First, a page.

Sunday 19 May 2013

How the case for austerity has crumbled

Make a pot of tea because you are about to read a long essay. It is a very good essay by Paul Krugman, explaining why the orthodoxy of austerity, adopted throughout Europe and North America in 2010, is profoundly wrong:
Three years after the turn to austerity, then, both the hopes and the fears of the austerians appear to have been misplaced. Austerity did not lead to a surge in confidence; deficits did not lead to crisis. But wasn’t the austerity movement grounded in serious economic research? Actually, it turned out that it wasn’t—the research the austerians cited was deeply flawed.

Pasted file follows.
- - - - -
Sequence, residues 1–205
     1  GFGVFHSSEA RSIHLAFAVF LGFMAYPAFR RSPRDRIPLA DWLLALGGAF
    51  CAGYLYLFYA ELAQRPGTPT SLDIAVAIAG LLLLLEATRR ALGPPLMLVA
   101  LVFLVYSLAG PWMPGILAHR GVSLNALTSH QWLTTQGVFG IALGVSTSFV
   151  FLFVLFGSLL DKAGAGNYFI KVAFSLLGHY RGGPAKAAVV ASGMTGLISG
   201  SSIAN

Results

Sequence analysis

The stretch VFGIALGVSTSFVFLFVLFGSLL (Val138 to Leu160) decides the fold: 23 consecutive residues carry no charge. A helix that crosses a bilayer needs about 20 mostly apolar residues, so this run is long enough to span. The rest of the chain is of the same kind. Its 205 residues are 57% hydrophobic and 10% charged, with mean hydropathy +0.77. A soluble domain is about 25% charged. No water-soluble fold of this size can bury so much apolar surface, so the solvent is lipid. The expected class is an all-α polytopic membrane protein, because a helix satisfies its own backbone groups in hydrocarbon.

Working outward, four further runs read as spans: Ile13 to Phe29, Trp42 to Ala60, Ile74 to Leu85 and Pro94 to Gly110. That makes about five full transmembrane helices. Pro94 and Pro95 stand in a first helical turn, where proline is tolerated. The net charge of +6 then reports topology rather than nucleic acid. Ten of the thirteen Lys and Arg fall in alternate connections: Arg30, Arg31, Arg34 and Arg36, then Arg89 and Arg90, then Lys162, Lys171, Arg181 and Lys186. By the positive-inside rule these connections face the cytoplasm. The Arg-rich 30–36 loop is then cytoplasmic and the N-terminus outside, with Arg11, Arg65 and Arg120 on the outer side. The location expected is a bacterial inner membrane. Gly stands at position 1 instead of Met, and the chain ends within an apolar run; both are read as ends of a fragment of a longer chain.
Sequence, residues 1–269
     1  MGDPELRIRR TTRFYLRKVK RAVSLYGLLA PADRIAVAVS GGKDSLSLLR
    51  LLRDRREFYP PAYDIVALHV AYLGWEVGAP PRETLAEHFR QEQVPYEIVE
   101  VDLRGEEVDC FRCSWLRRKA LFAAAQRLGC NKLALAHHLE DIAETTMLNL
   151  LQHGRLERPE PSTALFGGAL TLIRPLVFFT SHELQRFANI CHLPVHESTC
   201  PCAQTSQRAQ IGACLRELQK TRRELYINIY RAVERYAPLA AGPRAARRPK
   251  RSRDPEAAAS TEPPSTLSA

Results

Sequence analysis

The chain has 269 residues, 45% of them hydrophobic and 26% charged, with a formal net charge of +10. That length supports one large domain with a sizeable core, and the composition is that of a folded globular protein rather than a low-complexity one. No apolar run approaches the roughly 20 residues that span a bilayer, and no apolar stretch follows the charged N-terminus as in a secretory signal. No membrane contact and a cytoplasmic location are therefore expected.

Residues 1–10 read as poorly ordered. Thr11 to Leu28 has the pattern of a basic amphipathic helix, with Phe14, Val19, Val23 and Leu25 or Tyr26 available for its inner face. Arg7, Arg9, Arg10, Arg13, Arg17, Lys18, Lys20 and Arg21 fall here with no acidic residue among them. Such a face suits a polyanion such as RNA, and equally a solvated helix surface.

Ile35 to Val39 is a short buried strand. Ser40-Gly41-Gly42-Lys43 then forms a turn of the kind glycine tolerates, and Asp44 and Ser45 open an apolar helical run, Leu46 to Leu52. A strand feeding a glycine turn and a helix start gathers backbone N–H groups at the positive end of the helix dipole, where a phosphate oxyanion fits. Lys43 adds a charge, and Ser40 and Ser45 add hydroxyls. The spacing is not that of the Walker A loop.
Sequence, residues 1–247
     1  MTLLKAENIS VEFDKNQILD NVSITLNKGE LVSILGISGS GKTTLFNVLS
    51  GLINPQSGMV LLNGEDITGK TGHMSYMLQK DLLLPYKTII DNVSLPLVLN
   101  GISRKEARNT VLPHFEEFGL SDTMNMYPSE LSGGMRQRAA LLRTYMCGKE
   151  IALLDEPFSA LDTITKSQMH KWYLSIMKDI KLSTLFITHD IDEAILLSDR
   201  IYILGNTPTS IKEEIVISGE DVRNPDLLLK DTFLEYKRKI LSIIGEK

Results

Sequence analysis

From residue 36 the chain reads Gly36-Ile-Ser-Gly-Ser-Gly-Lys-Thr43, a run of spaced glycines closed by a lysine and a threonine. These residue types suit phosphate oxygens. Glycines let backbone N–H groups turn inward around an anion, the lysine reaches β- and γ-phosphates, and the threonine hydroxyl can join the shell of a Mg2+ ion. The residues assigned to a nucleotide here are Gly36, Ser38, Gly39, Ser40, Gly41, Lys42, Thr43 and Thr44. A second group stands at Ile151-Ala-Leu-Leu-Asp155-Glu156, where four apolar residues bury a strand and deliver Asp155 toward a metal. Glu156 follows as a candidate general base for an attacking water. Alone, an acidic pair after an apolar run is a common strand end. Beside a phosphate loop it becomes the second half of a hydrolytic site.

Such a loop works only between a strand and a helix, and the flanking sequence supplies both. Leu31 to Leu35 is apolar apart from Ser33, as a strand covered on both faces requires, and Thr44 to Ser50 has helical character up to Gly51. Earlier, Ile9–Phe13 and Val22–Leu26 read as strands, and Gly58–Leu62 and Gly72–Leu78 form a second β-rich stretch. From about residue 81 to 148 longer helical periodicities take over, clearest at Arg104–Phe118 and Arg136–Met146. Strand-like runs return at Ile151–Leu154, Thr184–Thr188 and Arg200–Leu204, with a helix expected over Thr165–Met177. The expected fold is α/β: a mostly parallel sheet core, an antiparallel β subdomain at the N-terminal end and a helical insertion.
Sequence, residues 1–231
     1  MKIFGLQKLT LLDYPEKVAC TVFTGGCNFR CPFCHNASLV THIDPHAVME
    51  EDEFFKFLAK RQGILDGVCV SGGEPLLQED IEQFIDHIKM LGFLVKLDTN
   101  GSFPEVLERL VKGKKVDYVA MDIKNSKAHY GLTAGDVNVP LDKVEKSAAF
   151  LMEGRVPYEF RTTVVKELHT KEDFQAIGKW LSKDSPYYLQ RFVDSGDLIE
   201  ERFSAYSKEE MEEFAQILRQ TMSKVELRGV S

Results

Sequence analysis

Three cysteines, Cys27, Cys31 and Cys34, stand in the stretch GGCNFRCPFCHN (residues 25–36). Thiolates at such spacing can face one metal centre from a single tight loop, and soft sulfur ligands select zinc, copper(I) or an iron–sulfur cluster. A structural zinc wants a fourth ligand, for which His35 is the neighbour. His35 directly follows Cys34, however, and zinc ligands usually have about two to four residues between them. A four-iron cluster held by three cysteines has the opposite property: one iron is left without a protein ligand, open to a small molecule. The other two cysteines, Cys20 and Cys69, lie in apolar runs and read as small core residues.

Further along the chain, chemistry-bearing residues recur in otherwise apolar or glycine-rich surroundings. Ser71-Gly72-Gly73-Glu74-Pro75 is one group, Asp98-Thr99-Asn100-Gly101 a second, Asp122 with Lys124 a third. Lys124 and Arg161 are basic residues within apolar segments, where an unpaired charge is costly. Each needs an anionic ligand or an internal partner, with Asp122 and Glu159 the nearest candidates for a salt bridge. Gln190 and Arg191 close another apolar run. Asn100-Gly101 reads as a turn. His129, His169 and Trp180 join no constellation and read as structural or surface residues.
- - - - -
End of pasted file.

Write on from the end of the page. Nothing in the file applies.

Krugman also takes apart the motivation of austerians and finds emotions rather than rationality; a flawed impulse to treat macroeconomics as if it were a morality play instead of a technical malfunction.

It is not as if we did not have the knowledge to prevent such misjudgements. But as Krugman concludes:
To the extent that policymakers and elite opinion in general have made use of economic analysis at all, they have, as the saying goes, done so the way a drunkard uses a lamppost: for support, not illumination.

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